I just finished Colson Whitehead's Sag Harbor and I'm ready to go down the shore. Those were the words my family used as we rattled around the basement digging up beach chairs, rummaged through cupboards for beach towels, and filled a bag full of summer reading material. We drove to Ocean City, New Jersey. Joan's family headed to Stone Harbor, Helen's to Avalon. Everyone had their family traditions and locations. No matter what, everybody spent at least one evening on the Wildwood boardwalk.
Sag Harbor is an extremely well written fictional memoir of a teen, Benji, who's family always spends summers in Sag Harbor, the beach enclave for African Americans. Set in 1985, with the Cosby show as background noise, Benji reflects on being age 15. He and his brother, Reggie, get their first jobs and are in charge of themselves during the week. Weekends bring the parents in from the city and Benji is aware of parental dynamics and mild dysfunction.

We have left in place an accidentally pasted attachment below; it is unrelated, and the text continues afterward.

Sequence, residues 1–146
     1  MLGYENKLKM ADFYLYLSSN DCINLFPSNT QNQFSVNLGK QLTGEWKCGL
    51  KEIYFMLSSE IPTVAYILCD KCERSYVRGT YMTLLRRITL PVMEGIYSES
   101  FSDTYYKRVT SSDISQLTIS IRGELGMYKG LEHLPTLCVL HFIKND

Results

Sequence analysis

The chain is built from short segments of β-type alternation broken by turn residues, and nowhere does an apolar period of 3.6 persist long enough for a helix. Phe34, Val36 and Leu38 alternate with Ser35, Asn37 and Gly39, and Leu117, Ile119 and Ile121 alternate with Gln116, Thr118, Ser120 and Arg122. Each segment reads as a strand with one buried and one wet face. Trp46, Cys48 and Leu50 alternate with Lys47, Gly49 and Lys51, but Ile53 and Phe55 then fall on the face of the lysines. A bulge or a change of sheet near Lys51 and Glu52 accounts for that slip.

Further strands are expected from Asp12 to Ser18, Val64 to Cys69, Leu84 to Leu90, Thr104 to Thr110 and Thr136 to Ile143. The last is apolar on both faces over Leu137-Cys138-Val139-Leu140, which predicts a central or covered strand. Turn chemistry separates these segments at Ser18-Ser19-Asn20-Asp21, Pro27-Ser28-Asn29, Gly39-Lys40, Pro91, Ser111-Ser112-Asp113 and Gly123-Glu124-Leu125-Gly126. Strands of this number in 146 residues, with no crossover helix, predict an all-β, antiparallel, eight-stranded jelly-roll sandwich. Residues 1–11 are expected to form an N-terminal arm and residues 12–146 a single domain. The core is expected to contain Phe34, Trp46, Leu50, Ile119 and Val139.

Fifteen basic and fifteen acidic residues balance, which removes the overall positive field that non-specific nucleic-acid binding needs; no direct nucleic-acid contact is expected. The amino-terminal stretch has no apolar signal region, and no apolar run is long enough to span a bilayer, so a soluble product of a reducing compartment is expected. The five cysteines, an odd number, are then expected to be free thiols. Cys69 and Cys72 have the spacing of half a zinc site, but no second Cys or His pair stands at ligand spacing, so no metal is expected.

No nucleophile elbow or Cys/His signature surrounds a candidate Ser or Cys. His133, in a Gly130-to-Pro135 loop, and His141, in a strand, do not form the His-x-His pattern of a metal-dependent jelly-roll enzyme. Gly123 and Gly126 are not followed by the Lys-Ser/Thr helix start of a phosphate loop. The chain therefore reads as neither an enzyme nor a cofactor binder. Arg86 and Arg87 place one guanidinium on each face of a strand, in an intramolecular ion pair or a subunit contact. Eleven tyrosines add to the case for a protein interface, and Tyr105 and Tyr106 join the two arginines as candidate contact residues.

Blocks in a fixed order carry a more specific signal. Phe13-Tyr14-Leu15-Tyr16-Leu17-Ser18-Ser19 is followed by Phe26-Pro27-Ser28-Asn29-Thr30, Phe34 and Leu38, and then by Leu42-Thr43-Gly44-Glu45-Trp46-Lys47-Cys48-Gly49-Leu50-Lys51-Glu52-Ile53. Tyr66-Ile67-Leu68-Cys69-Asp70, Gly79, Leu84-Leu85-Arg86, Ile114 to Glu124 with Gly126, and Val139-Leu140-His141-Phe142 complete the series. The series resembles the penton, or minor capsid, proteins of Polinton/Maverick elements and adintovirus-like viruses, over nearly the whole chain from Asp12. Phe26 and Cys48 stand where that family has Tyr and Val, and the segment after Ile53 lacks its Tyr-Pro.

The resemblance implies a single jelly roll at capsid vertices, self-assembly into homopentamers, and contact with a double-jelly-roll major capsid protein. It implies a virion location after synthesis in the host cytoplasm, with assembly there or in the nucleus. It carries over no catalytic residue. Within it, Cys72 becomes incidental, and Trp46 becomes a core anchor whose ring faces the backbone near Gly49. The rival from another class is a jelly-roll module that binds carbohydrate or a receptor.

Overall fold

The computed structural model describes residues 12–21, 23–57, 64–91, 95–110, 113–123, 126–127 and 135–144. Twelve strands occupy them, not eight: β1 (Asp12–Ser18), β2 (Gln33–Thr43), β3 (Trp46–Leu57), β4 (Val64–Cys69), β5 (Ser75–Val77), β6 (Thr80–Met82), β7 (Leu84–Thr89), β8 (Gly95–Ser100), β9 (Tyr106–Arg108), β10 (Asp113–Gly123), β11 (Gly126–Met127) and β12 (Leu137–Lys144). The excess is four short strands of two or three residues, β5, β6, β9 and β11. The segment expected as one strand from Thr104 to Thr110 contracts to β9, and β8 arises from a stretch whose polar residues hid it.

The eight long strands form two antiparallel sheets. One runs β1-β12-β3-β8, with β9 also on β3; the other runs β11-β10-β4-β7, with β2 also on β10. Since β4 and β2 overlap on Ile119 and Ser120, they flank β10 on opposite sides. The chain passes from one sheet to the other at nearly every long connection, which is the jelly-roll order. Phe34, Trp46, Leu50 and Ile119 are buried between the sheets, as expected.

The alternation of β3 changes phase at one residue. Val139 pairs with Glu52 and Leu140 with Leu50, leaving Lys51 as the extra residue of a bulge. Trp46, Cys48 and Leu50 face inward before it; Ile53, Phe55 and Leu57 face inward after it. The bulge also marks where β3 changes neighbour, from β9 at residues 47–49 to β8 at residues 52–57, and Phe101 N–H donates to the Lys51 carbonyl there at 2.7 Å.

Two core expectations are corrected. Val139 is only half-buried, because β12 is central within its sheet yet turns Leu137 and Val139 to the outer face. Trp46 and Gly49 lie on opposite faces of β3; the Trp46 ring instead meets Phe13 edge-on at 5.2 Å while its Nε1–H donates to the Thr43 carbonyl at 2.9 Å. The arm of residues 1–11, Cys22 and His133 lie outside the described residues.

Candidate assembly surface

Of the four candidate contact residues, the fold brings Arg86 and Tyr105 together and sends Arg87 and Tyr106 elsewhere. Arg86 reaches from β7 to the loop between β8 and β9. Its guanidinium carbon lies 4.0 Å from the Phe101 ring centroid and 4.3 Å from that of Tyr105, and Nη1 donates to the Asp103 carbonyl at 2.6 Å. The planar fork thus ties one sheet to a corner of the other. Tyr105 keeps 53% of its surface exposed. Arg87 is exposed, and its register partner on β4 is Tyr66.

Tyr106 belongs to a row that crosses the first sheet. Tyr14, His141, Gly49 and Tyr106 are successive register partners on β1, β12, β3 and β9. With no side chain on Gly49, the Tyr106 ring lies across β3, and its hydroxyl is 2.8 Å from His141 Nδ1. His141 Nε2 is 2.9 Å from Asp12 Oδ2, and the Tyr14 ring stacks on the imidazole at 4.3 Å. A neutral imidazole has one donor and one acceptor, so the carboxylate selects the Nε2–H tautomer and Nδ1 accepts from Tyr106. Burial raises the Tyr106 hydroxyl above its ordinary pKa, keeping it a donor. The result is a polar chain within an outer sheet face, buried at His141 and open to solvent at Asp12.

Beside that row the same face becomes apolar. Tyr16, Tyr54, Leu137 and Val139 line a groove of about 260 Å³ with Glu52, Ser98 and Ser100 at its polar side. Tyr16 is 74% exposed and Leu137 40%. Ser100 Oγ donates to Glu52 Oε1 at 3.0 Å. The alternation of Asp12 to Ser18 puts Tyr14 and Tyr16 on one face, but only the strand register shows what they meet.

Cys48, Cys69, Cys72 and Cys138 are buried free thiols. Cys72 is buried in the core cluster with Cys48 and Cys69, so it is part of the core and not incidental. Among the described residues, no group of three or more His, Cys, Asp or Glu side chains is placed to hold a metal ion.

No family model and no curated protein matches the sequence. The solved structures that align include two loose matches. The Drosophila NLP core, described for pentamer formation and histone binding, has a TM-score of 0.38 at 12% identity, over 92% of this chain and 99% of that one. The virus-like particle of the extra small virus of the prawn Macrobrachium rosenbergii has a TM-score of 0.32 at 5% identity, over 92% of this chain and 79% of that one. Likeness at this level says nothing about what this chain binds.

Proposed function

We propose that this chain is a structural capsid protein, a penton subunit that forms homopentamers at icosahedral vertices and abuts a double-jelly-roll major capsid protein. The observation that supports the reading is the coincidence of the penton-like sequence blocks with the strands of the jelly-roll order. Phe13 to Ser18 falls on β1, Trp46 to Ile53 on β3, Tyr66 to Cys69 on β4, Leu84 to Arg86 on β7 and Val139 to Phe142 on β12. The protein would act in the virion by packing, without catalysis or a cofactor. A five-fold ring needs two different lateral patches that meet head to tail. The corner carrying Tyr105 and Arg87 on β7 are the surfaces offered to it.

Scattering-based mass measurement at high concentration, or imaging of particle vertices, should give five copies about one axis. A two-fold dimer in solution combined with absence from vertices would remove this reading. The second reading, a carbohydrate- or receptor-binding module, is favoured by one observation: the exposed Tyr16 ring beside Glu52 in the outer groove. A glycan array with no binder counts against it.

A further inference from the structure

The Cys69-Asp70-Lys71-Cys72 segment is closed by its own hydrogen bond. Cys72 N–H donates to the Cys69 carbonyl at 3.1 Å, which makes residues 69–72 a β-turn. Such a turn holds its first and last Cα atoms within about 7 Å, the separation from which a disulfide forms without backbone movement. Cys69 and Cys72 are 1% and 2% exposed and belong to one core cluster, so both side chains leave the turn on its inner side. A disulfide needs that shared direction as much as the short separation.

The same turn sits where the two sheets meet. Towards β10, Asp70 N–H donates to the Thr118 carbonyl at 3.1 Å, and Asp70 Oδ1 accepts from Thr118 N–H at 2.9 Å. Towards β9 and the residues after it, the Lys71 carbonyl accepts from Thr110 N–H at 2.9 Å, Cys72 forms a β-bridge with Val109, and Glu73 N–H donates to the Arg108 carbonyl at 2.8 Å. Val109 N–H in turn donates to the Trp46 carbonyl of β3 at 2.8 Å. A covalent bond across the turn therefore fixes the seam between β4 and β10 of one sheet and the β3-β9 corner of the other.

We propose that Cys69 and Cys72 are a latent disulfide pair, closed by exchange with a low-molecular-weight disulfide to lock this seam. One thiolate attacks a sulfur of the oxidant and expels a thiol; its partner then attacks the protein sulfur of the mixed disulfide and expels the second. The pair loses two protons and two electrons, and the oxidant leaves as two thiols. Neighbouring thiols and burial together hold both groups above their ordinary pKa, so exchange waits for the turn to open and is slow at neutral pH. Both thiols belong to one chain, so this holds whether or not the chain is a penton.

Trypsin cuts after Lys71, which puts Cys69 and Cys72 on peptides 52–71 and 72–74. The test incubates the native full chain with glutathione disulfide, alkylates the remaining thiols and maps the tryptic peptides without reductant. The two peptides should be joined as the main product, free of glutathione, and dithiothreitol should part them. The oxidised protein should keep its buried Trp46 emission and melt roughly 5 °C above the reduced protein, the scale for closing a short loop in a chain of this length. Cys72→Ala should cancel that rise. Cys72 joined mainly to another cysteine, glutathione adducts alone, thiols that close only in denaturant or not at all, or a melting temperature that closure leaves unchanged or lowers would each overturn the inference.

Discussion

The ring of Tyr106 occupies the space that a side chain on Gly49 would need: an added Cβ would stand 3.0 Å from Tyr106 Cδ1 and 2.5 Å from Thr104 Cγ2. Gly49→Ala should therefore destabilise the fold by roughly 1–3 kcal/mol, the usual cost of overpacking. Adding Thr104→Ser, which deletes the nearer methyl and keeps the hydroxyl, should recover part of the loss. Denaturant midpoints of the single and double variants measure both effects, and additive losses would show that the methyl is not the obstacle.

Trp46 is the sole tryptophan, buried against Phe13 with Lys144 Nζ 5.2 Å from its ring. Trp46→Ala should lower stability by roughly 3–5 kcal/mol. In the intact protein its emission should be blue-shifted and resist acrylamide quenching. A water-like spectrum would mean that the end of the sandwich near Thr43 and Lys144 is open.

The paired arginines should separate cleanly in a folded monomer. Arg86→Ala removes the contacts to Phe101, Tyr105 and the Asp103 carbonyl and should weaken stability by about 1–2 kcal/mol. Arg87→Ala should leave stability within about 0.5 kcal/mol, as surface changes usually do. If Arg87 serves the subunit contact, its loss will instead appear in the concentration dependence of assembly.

I enjoyed the fresh voice, the well written casual flow of action, and Benji's humor. As a private school attendee he reflects on what it's like to reconnect with old friends each summer, learn the latest lingo, hear the newest music, and emerge from a scholastically privileged world. Sag Harbor appreciates the ebb and flow of summer beach life and conjures a worthy cool yet awkward character in Benji (wanting to be called Ben). I highly recommend this book. Dig your toes in the sand and revel in a smooth read.
Like me, you'll yearn for a summer down the shore.
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